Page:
This review is of necessity short but sweet, because Working, presented by Metro Stage Company at the YMCA Theatre in Central Square, has only one performance to go (tonight). But if you can catch it you really should. And don't bother wondering how Stud Terkel's famous series of interviews could ever have been transformed into a musical - it's really more of a revue than a musical, but the material fits comfortably within the form's current parameters, and the music, from a wide range of contributors led by Stephen Schwartz, may not give Sondheim any competition but can easily hold its own against the likes of Cats or The Producers (the catchiest ditty is probably James Taylor's "Traffic Jam").
So just go, because Working turns out to be genuinely smart and affecting, and though this version is a bit low-tech, and is flecked, it's true, with a few acting and vocal gaps, it's nevertheless startling in the generally high standard held by a huge ensemble (some two dozen featured performers), who have been directed with subtlety and insight by James Tallach (the bouncy musical direction is by Adam MacDonald). And this consistent level of craft, like a quiet tide, somehow lifts the piece to real heights of emotional power.
Terkel, of course, is in many ways a sentimentalist - nobody in Working is lazy or backstabbing or conniving, and the intersections of class and race are only treated lightly (but more honestly than you'd find on most local stages). Still, his sentiments are universal ones, and may have never been treated in a musical before. There's no romance, for example, in Working - although plenty of comedy - unless you count the love of work for its own sake (which many of Terkel's interviewee's genuinely share).
And yes, the exploitive, even inhuman conditions of many workplaces make their inevitable appearance ("Millwork"), but generally Working is hearty and optimistic about endeavor, and about the meaning it gives life - as well as the sadness that sets in when that meaning is gone ("Retired"). There are songs about first jobs ("Neat to Be a Newsboy"), menial jobs ("He Builds a House") and even hand jobs ("What I Could Have Been"). And there's actually a song about the joys of bad waitressing ("It's an Art"), hilariously put over by Meredith Stypinski. Plus there are stand-out acting cameos from David DaCosta, Rebecca Shor, Ann Carpenter, Kendra Alati, Rachael Fisher-Parkman, Dinah Steward, Cliff Blake, Joshua Smith and Lucas Lloyd (as well as strong support from the entire ensemble). Where have all these people been all my life? Banging around either the community theatre scene, or the edge of the professional one, it turns out - two worlds which Metro Stage seems to seamlessly bridge.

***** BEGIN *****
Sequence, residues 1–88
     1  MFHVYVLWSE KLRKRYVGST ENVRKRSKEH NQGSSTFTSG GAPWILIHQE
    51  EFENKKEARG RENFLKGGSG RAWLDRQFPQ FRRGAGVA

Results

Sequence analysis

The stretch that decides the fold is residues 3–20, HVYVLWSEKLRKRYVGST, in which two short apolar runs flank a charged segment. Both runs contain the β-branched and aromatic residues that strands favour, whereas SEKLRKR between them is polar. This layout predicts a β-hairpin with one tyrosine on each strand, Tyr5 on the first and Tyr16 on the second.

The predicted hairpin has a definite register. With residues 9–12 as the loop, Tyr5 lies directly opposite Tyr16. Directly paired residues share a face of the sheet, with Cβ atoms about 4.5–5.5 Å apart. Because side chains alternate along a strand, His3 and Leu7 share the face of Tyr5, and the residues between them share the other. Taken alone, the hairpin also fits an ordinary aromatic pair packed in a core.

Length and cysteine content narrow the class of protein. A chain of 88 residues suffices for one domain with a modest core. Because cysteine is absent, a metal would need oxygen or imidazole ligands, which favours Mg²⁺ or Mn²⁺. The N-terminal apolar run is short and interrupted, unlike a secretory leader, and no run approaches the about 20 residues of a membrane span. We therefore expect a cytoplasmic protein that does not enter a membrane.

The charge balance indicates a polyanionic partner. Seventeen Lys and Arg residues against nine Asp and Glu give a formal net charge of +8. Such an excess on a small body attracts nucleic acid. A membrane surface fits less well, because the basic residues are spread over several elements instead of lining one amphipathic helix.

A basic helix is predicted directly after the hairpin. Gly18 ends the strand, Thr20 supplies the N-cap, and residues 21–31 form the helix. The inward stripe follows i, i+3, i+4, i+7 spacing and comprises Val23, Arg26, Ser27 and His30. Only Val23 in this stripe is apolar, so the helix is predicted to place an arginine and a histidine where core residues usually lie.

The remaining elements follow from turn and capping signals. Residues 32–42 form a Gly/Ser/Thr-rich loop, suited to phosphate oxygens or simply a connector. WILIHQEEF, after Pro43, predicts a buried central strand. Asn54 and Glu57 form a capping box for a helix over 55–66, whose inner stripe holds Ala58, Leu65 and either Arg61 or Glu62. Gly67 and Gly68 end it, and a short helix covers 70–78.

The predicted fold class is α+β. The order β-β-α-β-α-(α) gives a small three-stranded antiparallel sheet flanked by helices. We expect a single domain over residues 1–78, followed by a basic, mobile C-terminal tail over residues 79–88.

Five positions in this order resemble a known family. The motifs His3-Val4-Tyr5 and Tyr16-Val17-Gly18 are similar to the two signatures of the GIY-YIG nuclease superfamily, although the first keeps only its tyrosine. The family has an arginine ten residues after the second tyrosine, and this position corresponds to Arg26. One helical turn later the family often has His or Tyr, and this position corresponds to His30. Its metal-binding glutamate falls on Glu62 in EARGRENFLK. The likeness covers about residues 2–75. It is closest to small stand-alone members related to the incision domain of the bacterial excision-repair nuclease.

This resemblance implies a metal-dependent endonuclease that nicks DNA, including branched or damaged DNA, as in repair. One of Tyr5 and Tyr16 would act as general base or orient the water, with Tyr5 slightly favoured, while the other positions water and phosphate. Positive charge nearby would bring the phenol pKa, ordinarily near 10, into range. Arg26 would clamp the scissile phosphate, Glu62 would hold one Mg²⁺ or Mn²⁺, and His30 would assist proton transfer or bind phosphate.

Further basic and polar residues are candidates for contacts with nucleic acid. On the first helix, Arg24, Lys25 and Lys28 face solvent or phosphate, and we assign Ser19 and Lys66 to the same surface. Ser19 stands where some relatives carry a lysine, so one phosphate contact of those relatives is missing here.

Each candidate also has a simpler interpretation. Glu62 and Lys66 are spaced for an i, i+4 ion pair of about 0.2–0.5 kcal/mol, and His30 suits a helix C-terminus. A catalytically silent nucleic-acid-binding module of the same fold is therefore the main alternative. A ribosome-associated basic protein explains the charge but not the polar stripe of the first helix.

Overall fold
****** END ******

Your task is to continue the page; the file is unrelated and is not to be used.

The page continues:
But the show is at its deepest in its honest exposure of what it means to work when that work has been shorn of glamour, or social esteem, or even the satisfaction that comes from "making a difference" - when it's just work, done to get by, or, most poignantly, to provide for the next generation (I defy you to remain dry-eyed during "Cleaning Women" or "Fathers and Sons"). It's at moments like these that Working suddenly seems better than any musical I've seen this season - certainly better than Pirates!, but also better than Jerry Springer or Grey Gardens or Cabaret, all done at bigger and better-funded companies. In the end, the big news about Working is that with it, Metro Stage Company makes its claim to joining the local mid-sized theatrical tier, alongside the likes of SpeakEasy, the New Rep and the Lyric Stage. There's some new competition in town, boys (and girls)! Next up for this crew is Sweeney Todd (!) - which would sound like folly if you hadn't seen how they worked Working.